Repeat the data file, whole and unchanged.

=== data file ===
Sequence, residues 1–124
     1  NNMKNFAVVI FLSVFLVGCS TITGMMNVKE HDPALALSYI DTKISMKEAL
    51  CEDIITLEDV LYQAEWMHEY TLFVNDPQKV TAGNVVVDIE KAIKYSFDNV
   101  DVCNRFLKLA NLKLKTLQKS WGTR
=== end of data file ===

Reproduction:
Sequence, residues 1–124
     1  NNMKNFAVVI FLSVFLVGCS TITGMMNVKE HDPALALSYI DTKISMKEAL
    51  CEDIITLEDV LYQAEWMHEY TLFVNDPQKV TAGNVVVDIE KAIKYSFDNV
   101  DVCNRFLKLA NLKLKTLQKS WGTR